10 8.5 8 7

6 6 6 6 6

6 5.5 5 4 4 3.5 3 3 2 1 1 1 1 1 0

Table 1A shows that the more basic variables related to the budgetary cycle, i.e., those concerning access to the text of budgetary laws, are the most divulged by municipal governments in capital cities. Not always variables are expressed in whole numbers, which means the information was incomplete on the capital website. The ten most available variables, in the order shown in the table, are related to the following themes: Multiannual Plan Law (PPA), Budgetary Guidelines Law (LDO), Annual Budgetary Law (LOA), PPA expenditure according to programs, access to PPA program objectives, LOA revenue according to nature (economic category and origin), LOA expenditure detailed by organ/Budgetary Unit, expenditure according to economic

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classification and nature, LOA expenditure detailed by function, total amount of budgetary execution of the object of expenditure (element). Otherwise, the least available variables were the ones related to execution – for example, destination of payments – and those concerning the assessment of indicators and physical goals, which are indispensable to organize a budget according to performance. Looking at Table 1A from bottom to top, the least available variables were the ones related to the following themes: bank account of those favored by the expenditure, bank branch of those favored by the expenditure; bank of those favored by the expenditure, per unit value of the object of expenditure (element), details of the object of expenditure (size, measurement, quantity, weight, etc.), identification number of the payment note referred to the expenditure, identification number of the bank order related to the expenditure, PPA evaluation with assessment of the evolution of program indicators, identification number of the payment note or bank order related to the Legislative expenditure, and PPA evaluation with assessment of actions’ physical goals (products). In turn, table 1B shows capitals ordered according to the score obtained in the evaluation of the 58 selected variables, from the highest score to the lowest. We also developed an index that varies from 0 to 100 to better exemplify the situation of each capital.4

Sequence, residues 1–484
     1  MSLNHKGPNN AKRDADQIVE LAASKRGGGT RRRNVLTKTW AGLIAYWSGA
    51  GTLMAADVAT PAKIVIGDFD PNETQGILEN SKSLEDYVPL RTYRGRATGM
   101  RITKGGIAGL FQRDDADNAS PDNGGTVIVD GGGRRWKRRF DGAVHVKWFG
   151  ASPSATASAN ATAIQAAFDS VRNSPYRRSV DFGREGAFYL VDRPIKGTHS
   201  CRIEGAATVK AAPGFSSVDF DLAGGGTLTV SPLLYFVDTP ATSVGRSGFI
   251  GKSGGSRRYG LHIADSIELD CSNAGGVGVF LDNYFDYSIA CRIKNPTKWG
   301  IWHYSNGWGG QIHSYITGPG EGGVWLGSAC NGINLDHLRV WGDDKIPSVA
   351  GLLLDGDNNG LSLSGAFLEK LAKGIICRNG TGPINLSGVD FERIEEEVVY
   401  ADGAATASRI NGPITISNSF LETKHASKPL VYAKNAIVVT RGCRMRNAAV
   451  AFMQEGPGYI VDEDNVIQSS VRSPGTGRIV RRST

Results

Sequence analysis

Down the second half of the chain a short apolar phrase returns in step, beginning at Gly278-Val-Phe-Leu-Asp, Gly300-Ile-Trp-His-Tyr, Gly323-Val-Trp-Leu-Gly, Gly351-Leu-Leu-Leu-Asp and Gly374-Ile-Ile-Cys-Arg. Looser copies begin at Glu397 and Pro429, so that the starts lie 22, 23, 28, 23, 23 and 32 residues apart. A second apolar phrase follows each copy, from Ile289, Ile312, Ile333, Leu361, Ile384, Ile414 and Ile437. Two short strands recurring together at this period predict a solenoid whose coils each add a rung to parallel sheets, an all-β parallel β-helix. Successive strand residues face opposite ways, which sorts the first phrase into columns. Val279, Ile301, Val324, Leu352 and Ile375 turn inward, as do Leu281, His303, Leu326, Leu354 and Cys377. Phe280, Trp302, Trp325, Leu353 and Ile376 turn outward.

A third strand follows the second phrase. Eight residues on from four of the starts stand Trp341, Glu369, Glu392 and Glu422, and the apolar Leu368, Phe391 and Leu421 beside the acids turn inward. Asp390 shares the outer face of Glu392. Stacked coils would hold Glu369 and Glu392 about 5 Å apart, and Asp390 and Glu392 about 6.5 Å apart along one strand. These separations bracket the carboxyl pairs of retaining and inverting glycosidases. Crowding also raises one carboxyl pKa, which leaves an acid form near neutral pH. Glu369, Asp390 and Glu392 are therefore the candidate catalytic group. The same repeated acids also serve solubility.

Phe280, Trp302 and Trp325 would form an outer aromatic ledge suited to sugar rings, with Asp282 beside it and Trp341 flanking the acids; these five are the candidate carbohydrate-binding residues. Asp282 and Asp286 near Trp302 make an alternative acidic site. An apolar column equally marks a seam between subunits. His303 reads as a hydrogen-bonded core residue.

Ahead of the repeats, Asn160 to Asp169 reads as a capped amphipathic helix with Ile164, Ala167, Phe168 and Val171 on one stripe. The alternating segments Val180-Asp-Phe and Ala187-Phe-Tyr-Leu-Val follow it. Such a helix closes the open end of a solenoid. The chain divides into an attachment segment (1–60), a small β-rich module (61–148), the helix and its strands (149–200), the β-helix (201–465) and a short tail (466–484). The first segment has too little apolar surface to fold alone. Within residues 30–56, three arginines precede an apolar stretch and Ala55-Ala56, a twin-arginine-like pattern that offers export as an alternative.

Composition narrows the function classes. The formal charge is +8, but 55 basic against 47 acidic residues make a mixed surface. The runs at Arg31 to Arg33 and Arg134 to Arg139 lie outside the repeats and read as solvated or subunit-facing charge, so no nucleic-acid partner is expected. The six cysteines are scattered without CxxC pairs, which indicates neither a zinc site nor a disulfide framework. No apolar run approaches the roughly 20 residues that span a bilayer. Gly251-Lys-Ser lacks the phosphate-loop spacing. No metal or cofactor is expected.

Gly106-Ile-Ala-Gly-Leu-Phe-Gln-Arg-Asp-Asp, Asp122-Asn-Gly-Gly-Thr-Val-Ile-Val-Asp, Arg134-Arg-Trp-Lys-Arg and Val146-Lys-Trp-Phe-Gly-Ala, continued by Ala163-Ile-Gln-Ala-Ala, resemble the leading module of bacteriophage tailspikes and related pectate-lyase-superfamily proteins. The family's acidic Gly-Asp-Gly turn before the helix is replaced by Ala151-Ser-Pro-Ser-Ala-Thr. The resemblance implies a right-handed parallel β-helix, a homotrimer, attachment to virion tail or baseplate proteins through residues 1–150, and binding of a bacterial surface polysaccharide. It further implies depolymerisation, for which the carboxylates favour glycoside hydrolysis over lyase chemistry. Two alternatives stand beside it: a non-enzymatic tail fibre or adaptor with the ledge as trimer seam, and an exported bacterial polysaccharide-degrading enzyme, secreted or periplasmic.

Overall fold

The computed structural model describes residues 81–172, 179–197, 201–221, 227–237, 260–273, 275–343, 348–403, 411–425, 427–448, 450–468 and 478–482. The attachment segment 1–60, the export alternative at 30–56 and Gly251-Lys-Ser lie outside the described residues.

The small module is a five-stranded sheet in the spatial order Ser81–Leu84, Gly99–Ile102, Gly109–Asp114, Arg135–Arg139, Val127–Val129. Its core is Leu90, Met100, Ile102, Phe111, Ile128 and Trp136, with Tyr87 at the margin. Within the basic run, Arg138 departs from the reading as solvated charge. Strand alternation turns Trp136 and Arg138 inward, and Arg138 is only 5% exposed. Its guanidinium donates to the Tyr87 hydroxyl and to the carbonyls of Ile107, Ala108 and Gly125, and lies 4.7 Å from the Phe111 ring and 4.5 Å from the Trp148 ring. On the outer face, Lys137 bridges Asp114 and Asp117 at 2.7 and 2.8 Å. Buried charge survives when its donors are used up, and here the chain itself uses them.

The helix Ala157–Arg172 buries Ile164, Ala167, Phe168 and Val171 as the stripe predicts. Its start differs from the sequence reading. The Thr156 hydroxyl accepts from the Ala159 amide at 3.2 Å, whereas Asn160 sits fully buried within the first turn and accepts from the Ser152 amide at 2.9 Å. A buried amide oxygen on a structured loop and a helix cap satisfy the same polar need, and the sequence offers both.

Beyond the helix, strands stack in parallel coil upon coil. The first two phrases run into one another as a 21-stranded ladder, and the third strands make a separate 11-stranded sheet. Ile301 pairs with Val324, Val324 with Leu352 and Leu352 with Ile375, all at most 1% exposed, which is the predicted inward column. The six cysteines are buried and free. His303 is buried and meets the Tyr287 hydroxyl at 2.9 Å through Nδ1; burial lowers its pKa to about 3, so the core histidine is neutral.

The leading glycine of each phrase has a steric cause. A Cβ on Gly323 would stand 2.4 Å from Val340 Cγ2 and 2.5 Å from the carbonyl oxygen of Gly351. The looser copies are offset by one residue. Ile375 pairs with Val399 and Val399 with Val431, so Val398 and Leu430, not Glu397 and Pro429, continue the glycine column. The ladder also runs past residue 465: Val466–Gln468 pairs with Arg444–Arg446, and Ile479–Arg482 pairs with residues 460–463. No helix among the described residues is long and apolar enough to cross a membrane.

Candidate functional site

.

4

The score of the 27 capital s for each one of the variables is available on INESC ’s website

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Table 1B. Capitals listed according to their points and position in relation to the budgetary cycle transparency index Capital

1

Points (sum total)

Index

Curitiba

44.0

75.9